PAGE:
Cuts, Layoffs Face Harrison County

Harrison County's $102 million budget is shared by 172 departments. That money comes from property taxes only because the county doesn't get sales taxes. With so many properties destroyed, the collections will be way down.

"We're in very trying times as far as the county goes with so much of our tax base lost," beach director Bobby Weaver says.

Weaver is losing $238,000 He runs his department on $1.6 million. He won't replace the four workers who didn't come back after the hurricane.

"The workload on us for the next six to nine months may not be as much as it has been in previous years, you know. So much of our work has been on Highway 90, with so much reconstruction going on. So we're able to work with a smaller workforce and do the things that we need to do for the next year or so."

Supervisor Connie Rockco says all the departments will have to do more with less.

"We cannot incur or would not incur, in my opinion, a tax increase on our citizens at this point, so the thing to do is we just have to cut the budget to the bare bones. This year is going to be bad, but next year will be worse. It will be worse and we have to prepare ourselves for that," she says.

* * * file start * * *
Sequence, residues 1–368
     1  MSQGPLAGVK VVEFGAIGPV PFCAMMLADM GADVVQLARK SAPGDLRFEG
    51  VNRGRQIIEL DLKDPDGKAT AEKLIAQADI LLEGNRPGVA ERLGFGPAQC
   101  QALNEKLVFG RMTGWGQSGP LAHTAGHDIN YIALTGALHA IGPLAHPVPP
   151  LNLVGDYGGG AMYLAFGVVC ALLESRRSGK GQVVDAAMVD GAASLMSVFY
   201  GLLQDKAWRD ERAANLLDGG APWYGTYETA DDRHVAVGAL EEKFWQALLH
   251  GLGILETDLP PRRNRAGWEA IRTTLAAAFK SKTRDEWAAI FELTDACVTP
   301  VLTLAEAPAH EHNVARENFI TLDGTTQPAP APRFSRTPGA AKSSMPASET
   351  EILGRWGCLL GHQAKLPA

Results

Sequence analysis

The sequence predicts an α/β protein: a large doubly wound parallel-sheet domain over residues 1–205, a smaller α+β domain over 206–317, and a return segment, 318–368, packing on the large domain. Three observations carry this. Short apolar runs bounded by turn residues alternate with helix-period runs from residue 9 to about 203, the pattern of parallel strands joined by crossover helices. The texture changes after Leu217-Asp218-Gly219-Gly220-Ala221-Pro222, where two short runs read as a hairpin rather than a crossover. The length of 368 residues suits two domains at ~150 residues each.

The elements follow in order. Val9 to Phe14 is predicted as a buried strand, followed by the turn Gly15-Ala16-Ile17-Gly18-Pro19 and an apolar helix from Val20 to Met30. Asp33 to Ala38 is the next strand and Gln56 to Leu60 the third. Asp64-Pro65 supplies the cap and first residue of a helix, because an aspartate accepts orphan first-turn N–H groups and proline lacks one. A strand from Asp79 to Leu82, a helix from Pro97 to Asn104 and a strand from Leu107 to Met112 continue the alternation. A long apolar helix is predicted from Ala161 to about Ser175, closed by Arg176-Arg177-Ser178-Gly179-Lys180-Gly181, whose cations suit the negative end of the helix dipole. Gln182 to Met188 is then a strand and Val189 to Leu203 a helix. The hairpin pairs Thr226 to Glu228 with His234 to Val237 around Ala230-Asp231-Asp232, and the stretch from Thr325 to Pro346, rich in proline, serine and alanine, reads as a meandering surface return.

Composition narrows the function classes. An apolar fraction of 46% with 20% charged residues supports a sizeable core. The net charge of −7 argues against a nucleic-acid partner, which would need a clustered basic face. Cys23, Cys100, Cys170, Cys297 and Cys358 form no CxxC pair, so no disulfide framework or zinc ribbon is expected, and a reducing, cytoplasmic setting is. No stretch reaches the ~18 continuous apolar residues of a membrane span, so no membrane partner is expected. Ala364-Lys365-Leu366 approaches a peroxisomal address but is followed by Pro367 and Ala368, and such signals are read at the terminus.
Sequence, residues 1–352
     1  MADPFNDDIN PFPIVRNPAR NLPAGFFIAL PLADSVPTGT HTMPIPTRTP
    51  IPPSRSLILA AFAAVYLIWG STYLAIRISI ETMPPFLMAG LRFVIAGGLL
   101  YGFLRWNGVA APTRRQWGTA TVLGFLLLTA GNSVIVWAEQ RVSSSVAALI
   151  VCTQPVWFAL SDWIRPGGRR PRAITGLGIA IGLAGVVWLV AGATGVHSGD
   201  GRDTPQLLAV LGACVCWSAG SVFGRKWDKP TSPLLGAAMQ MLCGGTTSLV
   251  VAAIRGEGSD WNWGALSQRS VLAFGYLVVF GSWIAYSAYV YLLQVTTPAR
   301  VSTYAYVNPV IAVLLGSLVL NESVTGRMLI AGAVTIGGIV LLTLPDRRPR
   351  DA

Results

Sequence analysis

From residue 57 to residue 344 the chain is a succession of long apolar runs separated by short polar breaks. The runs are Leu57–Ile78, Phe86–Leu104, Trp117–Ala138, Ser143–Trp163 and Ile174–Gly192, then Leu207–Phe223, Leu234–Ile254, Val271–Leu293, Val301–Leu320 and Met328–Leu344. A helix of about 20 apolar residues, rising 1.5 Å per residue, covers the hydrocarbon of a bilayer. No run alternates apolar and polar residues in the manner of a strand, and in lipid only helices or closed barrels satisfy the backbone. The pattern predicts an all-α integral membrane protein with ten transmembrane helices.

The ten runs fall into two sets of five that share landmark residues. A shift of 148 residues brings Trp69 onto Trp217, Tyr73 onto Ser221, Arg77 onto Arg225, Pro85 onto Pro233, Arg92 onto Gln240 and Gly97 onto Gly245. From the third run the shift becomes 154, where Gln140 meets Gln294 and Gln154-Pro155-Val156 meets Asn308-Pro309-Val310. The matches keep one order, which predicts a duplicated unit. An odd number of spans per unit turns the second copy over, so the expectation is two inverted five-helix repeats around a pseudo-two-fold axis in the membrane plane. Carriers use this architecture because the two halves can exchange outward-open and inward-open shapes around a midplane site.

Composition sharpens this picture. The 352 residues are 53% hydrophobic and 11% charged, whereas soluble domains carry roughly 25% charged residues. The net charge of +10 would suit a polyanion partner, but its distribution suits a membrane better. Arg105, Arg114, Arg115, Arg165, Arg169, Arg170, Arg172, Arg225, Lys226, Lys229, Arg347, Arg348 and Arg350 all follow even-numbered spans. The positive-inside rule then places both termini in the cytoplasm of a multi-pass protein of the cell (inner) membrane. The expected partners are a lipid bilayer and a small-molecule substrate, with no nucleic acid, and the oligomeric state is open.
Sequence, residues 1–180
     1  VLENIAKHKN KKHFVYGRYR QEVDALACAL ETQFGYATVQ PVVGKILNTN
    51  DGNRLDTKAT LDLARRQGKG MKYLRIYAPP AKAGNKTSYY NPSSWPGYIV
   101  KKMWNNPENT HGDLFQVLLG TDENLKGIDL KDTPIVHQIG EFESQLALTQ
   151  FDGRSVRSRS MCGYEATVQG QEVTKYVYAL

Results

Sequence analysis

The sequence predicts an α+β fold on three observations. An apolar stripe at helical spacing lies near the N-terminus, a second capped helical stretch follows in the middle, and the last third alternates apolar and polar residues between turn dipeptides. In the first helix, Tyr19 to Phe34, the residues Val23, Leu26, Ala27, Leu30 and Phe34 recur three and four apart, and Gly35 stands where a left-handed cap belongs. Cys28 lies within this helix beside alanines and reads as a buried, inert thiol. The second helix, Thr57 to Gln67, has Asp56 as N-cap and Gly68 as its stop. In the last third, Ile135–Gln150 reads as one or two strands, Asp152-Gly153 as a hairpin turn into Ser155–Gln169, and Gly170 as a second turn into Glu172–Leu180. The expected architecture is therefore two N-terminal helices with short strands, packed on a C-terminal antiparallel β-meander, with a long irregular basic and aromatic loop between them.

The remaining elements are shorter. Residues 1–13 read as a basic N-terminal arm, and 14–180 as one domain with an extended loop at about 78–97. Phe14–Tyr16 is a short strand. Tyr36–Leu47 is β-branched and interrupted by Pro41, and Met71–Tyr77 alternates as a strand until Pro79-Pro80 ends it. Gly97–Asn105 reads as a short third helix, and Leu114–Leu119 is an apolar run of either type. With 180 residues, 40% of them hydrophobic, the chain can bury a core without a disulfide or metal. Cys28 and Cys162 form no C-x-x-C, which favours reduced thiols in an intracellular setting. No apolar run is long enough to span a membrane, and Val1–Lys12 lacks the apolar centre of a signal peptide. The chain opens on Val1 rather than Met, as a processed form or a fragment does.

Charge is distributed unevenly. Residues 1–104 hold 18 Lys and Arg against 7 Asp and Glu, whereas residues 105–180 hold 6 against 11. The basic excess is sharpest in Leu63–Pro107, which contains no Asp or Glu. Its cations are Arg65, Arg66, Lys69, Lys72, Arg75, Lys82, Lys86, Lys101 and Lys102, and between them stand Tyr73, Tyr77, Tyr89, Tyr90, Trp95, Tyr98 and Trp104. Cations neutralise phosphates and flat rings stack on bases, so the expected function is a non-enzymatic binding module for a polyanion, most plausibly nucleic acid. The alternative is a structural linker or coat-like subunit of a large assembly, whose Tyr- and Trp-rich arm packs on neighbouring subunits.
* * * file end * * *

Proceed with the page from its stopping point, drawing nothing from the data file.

No department got priority over another and with the sheriff's department's budget being the biggest, cuts are expected to be deep. The county administrator estimates the sheriff will have to trim about $2.7 million.

"In fact the last week we've been looking at several different options. The one thing I can promise the people of Harrison County is we're not going to let the public safety be affected. We're not going to let the deputy on the street be affected. We're looking at every other option we can at the present time," Sheriff George Payne says.

No one wants to talk about who might lose their job because of the county budget crisis. But some department heads say there will more than likely be some layoffs.

Sheriff Payne says Congress could be the salvation law enforcement needs. He says an emergency appropriation is expected before Christmas that would go to departments in Alabama, Mississippi and Louisiana.